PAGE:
The Bottom Line: If you miss the yesterdays of weekend partying that included a stop at your favorite local, smoke-filled, live music bar for some late night rocking, Hell In The Club's sophomore release Devil On My Shoulder will scratch that itch, guaranteed.

- Genghis does in fact miss those days...


Circuitry (Self-Titled)

Like extreme metal, but want it to be more...listenable? Check these dudes out STAT!Fans of the site know that I'm a sucker for the intricate machinations of extreme or tech metal even though, like a rich dessert, I may feel like I've had more than enough after only a slight indulgence. But what makes the music of New Jersey trio Circuitry different on their self-titled debut is their judicious use of melodic hooks to take the edge off the razor-sharp technical prowess they clearly possess.

From the get go, tracks like Safe Words kick off with all of the sound and fury of your typical extreme metal band, replete with shifting time signatures, but tracks like Horizon have such a strong melodic hook, they bring to mind the easy fretboard gymnastics of Freak Kitchen or other such bands with musicians that have mastered - and transcended - technique and now make the music they want to make - even if it sounds like it's from Mars to us mortals.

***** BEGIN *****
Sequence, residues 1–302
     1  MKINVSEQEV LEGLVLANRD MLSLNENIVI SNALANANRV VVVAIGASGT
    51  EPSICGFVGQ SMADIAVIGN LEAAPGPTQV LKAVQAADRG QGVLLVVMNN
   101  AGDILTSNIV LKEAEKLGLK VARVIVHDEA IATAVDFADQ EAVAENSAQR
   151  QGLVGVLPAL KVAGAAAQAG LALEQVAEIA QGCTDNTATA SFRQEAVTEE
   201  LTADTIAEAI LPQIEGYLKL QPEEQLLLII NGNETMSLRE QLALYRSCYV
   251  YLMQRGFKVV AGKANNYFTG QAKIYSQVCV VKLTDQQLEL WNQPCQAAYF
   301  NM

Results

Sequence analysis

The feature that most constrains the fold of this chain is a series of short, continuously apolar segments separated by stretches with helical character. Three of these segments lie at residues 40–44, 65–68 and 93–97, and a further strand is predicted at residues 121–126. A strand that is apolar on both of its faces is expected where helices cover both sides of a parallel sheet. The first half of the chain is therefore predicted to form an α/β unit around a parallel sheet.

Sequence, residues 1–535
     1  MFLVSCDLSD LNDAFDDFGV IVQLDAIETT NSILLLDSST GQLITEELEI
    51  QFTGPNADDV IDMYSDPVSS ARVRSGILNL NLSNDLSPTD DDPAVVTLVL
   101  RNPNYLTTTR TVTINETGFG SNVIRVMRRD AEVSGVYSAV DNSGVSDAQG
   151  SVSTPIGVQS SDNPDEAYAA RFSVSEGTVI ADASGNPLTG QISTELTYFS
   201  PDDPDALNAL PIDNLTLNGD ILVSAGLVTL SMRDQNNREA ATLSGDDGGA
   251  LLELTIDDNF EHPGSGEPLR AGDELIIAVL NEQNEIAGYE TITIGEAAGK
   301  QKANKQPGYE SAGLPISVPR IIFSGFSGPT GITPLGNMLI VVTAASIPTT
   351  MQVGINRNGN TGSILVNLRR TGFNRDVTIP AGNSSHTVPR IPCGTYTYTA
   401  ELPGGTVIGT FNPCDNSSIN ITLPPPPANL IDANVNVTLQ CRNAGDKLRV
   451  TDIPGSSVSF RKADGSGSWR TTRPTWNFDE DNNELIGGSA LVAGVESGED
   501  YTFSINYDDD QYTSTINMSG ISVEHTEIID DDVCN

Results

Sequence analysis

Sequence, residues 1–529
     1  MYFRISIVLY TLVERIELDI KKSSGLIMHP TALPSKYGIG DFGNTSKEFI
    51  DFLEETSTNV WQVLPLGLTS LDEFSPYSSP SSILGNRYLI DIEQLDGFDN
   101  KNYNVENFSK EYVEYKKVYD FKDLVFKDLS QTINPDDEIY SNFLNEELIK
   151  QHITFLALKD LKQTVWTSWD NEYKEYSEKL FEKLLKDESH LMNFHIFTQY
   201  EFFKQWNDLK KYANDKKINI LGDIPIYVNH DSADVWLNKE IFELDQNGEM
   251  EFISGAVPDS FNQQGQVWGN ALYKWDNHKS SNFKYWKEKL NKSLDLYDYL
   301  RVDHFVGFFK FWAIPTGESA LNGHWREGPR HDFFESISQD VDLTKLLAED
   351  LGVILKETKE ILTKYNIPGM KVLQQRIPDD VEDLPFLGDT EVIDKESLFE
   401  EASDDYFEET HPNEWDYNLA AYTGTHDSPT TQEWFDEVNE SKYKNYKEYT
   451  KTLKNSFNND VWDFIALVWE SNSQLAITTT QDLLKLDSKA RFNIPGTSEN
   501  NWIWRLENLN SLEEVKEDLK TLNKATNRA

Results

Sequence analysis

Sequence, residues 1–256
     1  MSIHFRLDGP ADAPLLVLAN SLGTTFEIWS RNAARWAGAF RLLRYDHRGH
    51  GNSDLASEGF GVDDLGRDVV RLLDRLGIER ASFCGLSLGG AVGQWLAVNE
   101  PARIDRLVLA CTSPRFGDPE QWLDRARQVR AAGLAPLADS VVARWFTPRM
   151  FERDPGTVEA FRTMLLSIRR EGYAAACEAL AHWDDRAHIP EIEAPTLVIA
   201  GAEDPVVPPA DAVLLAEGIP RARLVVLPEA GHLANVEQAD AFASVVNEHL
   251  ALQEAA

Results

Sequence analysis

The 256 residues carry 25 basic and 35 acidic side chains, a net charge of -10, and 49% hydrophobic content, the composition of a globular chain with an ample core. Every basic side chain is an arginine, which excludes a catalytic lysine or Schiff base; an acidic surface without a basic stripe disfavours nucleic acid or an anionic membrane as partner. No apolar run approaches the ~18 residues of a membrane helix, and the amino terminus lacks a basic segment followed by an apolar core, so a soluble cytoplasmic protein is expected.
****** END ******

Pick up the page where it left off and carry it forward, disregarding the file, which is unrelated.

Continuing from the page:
The Bottom Line: Most extreme metal acts are so focused on raw technicality that they lose a sense of melody (or even just listenability, for that matter), but Circuitry maintains that love of the hook enough to make their output more than just "music for robots to mosh to".

- Genghis would like to see a music video with robots moshing to Circuitry...


Stryper - Live at the Whiskey

Hot off the heels of their last album, No More Hell to Pay, Stryper are back, with a smokin new live DVD and CD, called Live at the Whiskey.  Stryper have really had a renaissance, since the re-union in 1999.  They have been touring steadily and have been releasing material every couple of years.  Live at the Whiskey was an intimate performance, that the band recorded back in November of last year, at the Whiskey a Go Go, in Hollywood.  The set list was comprised of tracks from their 30+ year career.